Abstract

Neurofluids is a term introduced to define all fluids in the brain and spine such as blood, cerebrospinal fluid, and interstitial fluid. Neuroscientists in the past millennium have steadily identified the several different fluid environments in the brain and spine that interact in a synchronized harmonious manner to assure a healthy microenvironment required for optimal neuroglial function. Neuroanatomists and biochemists have provided an incredible wealth of evidence revealing the anatomy of perivascular spaces, meninges and glia and their role in drainage of neuronal waste products. Human studies have been limited due to the restricted availability of noninvasive imaging modalities that can provide a high spatiotemporal depiction of the brain neurofluids. Therefore, animal studies have been key in advancing our knowledge of the temporal and spatial dynamics of fluids, for example, by injecting tracers with different molecular weights. Such studies have sparked interest to identify possible disruptions to neurofluids dynamics in human diseases such as small vessel disease, cerebral amyloid angiopathy, and dementia. However, key differences between rodent and human physiology should be considered when extrapolating these findings to understand the human brain. An increasing armamentarium of noninvasive MRI techniques is being built to identify markers of altered drainage pathways. During the three‐day workshop organized by the International Society of Magnetic Resonance in Medicine that was held in Rome in September 2022, several of these concepts were discussed by a distinguished international faculty to lay the basis of what is known and where we still lack evidence. We envision that in the next decade, MRI will allow imaging of the physiology of neurofluid dynamics and drainage pathways in the human brain to identify true pathological processes underlying disease and to discover new avenues for early diagnoses and treatments including drug delivery.Evidence level: 1Technical Efficacy: Stage 3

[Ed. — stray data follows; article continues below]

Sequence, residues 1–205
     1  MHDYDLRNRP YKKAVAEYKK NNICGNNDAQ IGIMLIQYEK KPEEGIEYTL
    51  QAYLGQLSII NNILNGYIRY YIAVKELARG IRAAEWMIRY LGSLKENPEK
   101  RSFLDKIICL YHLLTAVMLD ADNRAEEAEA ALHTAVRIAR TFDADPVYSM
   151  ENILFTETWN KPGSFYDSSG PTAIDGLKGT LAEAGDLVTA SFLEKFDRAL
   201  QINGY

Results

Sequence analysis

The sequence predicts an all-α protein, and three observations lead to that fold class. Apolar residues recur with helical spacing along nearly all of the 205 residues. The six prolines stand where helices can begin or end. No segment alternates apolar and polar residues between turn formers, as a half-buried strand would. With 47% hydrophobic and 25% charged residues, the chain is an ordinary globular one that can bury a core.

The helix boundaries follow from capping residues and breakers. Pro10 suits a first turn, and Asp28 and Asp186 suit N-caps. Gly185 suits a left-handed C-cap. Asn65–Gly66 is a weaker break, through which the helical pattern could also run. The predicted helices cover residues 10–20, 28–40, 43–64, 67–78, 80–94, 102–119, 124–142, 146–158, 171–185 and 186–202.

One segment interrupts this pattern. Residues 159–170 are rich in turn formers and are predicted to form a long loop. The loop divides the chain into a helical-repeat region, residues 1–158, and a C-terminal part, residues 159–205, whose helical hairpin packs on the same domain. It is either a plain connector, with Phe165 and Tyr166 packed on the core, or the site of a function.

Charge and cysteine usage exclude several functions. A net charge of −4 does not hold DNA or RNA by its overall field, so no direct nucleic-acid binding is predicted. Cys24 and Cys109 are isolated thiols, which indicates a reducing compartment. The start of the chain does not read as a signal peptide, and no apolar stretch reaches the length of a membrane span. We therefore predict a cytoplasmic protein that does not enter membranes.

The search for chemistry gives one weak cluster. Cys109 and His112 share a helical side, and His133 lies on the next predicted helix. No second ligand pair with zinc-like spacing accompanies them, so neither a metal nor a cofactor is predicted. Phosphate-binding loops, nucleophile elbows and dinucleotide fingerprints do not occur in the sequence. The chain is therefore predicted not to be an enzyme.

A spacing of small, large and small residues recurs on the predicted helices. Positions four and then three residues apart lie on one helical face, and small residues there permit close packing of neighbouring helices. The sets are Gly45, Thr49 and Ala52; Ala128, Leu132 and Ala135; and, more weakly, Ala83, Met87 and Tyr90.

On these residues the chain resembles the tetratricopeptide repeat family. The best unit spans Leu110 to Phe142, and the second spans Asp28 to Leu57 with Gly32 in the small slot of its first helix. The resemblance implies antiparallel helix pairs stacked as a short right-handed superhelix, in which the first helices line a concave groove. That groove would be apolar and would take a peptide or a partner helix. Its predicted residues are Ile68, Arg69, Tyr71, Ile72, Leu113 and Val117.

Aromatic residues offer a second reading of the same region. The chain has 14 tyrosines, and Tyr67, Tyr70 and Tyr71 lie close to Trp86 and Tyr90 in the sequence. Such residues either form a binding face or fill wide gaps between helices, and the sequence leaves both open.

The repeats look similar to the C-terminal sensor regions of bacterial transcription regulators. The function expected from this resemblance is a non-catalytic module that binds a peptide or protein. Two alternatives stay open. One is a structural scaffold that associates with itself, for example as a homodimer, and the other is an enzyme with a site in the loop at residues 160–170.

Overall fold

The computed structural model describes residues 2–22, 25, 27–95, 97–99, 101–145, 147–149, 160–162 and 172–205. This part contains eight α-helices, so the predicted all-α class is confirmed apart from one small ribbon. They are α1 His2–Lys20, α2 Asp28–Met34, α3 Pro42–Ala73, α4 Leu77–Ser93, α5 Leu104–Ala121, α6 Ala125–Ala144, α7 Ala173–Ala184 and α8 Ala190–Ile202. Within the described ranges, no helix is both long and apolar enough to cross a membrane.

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Additional indexing

Item Type:Journal Article, refereed, original work